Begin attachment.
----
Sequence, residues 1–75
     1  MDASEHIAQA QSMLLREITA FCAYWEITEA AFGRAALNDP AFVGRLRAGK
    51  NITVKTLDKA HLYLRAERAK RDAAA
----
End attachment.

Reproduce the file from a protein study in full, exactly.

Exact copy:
Sequence, residues 1–75
     1  MDASEHIAQA QSMLLREITA FCAYWEITEA AFGRAALNDP AFVGRLRAGK
    51  NITVKTLDKA HLYLRAERAK RDAAA